Santería


Santería

Santería is a syncretic religion of West African and Caribbean origin influenced by Roman Catholic Christianity, also known as Regla de Ocha, La Regla Lucumi, or Lukumi.[1][2] Its liturgical language, a dialect of Yoruba, is also known as Lucumi.

Contents

Clergy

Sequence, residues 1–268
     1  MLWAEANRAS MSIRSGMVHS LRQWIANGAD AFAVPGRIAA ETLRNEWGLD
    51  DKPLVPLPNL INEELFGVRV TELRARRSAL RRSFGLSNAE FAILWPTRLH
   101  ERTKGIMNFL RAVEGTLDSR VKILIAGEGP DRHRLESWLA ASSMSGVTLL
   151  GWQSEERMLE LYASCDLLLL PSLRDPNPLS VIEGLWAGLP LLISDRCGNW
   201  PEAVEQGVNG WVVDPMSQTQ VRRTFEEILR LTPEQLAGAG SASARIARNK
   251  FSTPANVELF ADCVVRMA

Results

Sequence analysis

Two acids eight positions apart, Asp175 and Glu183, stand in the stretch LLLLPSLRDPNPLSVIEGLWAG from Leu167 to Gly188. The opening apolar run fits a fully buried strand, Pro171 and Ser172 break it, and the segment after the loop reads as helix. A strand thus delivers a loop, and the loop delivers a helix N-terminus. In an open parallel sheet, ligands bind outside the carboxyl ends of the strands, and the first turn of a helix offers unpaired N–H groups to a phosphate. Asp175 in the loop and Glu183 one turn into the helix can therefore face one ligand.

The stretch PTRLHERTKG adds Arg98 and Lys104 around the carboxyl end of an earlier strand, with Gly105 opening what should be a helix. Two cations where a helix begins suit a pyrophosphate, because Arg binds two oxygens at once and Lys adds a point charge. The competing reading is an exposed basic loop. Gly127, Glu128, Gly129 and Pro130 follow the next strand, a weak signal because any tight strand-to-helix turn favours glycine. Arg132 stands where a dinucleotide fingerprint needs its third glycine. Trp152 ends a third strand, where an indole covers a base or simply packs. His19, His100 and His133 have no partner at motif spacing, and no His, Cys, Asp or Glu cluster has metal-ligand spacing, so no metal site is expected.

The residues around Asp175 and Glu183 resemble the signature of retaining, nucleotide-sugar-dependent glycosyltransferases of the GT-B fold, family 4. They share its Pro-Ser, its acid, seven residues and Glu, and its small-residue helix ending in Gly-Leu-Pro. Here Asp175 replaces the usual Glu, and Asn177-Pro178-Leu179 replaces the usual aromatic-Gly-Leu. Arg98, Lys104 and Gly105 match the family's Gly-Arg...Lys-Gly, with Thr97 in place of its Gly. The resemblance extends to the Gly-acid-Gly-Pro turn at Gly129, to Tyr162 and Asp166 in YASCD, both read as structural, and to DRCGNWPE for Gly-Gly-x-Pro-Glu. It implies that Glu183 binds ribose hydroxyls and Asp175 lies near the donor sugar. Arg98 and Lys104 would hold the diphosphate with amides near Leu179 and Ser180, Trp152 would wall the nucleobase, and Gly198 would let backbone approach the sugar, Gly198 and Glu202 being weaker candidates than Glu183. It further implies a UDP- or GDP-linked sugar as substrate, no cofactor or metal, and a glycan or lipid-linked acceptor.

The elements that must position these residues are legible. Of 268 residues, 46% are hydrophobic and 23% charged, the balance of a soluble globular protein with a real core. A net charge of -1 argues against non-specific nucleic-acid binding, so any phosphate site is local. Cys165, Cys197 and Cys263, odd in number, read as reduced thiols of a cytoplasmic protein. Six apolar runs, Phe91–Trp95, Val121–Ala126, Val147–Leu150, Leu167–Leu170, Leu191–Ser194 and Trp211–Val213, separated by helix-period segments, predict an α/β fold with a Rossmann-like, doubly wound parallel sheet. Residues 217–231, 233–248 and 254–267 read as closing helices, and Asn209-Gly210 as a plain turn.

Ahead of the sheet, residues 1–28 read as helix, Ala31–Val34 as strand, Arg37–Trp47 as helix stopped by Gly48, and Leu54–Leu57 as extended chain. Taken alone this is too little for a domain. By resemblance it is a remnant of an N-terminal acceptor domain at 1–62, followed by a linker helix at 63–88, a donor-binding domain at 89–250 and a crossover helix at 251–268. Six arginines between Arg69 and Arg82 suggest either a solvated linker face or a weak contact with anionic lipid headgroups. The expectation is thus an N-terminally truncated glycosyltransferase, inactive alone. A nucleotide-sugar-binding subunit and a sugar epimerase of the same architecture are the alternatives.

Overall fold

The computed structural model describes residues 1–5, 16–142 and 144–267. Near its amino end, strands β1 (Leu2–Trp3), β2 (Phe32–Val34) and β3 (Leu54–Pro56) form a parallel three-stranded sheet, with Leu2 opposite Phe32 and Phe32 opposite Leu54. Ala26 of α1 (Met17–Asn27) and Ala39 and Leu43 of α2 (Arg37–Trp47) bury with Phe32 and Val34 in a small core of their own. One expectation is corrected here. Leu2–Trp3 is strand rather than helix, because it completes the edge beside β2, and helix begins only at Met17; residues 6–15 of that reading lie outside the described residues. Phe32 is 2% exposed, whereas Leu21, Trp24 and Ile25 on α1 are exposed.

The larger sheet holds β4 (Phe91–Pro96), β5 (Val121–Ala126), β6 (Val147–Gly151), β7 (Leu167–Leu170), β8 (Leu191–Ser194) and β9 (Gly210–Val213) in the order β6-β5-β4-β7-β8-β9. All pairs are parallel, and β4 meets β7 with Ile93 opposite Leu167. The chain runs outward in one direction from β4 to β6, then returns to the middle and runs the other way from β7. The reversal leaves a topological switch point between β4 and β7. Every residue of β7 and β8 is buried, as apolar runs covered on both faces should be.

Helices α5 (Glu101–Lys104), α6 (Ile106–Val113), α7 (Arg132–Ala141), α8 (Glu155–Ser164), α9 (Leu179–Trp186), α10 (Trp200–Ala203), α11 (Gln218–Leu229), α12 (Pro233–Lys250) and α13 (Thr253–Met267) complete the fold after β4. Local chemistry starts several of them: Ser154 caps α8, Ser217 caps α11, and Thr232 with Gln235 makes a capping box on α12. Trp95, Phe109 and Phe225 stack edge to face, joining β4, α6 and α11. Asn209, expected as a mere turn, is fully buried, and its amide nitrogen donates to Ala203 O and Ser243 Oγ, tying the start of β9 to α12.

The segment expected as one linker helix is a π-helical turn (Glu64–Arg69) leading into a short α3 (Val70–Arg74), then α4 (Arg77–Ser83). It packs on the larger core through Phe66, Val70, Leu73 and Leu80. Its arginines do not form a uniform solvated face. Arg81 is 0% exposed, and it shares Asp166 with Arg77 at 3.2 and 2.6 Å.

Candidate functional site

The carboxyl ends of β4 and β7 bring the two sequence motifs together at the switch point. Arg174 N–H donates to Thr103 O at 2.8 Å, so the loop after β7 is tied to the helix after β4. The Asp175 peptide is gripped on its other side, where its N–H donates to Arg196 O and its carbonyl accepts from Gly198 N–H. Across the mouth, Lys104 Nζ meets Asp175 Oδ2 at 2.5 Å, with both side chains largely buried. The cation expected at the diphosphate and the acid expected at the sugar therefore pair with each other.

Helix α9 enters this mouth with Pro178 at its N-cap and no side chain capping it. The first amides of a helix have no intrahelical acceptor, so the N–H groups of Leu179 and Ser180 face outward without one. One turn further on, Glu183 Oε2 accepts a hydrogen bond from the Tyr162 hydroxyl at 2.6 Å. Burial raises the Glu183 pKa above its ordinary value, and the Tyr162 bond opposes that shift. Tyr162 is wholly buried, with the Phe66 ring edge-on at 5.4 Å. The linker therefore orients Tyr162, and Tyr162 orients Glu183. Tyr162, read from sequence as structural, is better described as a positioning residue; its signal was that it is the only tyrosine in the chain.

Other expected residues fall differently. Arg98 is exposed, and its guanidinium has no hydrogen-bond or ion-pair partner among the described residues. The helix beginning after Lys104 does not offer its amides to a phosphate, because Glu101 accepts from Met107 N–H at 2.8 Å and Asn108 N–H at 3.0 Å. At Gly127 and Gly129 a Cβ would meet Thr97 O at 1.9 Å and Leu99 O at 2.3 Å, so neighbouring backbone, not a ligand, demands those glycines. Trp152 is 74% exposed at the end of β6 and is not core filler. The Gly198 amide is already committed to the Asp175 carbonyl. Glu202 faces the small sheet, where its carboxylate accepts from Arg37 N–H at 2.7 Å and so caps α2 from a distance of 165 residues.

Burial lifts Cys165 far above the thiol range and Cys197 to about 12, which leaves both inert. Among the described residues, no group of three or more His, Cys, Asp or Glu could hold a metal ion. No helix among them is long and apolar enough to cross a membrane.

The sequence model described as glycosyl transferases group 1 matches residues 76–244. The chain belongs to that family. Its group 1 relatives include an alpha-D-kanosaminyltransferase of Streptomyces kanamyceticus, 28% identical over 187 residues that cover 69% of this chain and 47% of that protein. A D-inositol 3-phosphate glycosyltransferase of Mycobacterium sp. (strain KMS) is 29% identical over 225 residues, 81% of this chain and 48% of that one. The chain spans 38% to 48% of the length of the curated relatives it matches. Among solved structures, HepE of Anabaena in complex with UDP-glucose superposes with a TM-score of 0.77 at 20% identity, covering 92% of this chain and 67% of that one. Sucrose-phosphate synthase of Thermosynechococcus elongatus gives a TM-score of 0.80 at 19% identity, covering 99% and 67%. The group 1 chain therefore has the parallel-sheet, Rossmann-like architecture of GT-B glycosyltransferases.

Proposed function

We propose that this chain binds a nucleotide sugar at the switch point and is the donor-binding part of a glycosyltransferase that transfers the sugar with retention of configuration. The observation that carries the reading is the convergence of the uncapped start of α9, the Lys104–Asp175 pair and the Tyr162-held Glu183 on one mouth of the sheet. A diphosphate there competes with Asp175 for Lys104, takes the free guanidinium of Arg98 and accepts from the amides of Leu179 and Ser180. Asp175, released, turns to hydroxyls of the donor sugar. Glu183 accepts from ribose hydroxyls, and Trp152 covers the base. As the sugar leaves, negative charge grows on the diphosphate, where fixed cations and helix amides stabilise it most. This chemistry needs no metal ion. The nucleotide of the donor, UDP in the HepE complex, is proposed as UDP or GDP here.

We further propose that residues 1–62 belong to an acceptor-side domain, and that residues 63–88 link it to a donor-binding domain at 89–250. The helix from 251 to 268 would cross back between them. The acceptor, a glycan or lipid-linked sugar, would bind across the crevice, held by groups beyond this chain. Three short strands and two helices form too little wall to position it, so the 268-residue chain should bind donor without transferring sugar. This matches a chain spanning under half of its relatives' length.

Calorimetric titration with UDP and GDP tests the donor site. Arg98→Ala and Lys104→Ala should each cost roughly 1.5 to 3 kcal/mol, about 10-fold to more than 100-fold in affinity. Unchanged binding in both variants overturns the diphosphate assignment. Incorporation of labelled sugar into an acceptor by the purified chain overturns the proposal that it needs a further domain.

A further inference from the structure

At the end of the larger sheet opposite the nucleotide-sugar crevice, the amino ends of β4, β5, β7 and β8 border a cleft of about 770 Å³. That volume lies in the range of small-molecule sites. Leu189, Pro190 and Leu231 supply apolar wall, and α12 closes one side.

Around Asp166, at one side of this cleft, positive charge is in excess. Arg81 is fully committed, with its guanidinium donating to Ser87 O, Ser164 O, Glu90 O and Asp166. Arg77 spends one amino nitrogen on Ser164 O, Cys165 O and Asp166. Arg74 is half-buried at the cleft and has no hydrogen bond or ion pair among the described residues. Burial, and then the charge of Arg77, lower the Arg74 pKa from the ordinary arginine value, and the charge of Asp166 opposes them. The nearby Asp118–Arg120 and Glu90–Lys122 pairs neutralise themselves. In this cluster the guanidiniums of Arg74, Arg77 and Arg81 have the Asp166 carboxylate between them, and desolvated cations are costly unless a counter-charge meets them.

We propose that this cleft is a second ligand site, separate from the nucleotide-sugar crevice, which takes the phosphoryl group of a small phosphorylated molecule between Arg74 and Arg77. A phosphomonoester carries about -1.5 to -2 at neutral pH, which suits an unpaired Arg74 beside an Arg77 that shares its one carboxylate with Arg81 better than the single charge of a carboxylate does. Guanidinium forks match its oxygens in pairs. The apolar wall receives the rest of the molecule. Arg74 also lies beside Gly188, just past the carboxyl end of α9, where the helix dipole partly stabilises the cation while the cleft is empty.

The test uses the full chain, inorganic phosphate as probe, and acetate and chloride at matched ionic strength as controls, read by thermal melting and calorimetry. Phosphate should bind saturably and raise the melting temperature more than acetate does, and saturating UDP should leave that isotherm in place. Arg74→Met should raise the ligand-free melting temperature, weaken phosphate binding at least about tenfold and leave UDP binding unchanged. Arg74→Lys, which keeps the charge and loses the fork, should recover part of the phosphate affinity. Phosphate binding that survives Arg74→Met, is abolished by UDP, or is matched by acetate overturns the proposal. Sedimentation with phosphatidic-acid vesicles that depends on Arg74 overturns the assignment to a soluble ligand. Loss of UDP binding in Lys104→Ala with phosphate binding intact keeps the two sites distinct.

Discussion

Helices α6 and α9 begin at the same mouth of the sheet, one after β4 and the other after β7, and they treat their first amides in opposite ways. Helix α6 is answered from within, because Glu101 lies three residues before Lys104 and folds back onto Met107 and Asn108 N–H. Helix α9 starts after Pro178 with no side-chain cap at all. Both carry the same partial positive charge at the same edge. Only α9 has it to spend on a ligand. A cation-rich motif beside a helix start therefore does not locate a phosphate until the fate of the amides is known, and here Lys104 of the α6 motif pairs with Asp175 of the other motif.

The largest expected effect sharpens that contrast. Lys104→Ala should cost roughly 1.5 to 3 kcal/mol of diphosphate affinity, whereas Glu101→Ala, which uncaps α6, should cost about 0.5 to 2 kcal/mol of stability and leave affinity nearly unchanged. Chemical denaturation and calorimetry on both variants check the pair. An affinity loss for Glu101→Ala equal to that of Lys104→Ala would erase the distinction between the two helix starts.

Priests are commonly known as olorishas or owner of Orisa. Once those priests have initiated other priests, they become known as babalorishas, "fathers of orisha" (for men), and as iyalorishas, "mothers of orisha" (for women). Priests can commonly be referred to as Santeros and Santeras (depending on gender), and if they function as diviners (using cowrie-shell divination known as Diloggun) of the Orishas they can be considered Italeros, or if they go through training to become leaders of initiations, Obas or Oriates. Considered to be highest in rank are priests of Ifá (pronounced ee-fah), which in santeria is an all male group. Ifá Priests receive Orunmila, who is the Orisha of Prophecy, Wisdom and Knowledge. Once this happens they are known by the title Babalawo, or "Father Who Knows the Secrets". In recent years, a particular practice of the traditional Yoruba Ifa priests (from Nigeria) has come to the diaspora of initiating women to be Iyanifa or "Mother of Destiny", but Lucumi practitioners do not typically accept this practice due to their interpretation of the Odu Ifa Irete Untelu which states woman cannot be in the presence of Olofin (otherwise known as Igba Iwa Odu) and so cannot be initiated as divining priestesses. This is a major difference between santeria Ifa practitioners, and traditional Yoruba practitioners from Nigeria (though it should be noted that not all areas of Nigeria have this practice). Instead, a woman in Lucumi is initiated as Apetebi Ifa, a "bride of Ifa", and is considered senior in Ifa to all but a fully initiated Babalawo. There was little evidence of Iyanifa existing in West Africa until very recently, so the existence of the Iyanifa is likely to be of modern origin in Yorubaland, and it is probably due to this reason that it does not appear in the Cuban variant. The foremost Western academic authority on Ifa, William Bascom, traveled throughout Yorubaland studying the Ifa cult in a series of visits in 1937–1938, 1950–1951, 1960 and 1965, and never encountered a single Iyanifa nor was he told of their existence by any of his informants.[3] However, it must be noted here that Maupoil, in his work in the early 20th century, does speak of the office of the Iyanifa[4]. In addition to this, Chief Fama is a Nigerian born Iyanifa with several books on the subject of Ifa that are considered to be of great academic worth.[5]